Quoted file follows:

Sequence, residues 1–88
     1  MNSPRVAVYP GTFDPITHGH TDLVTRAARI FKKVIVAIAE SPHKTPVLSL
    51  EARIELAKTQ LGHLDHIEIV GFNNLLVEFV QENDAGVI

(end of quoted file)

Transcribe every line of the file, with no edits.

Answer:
Sequence, residues 1–88
     1  MNSPRVAVYP GTFDPITHGH TDLVTRAARI FKKVIVAIAE SPHKTPVLSL
    51  EARIELAKTQ LGHLDHIEIV GFNNLLVEFV QENDAGVI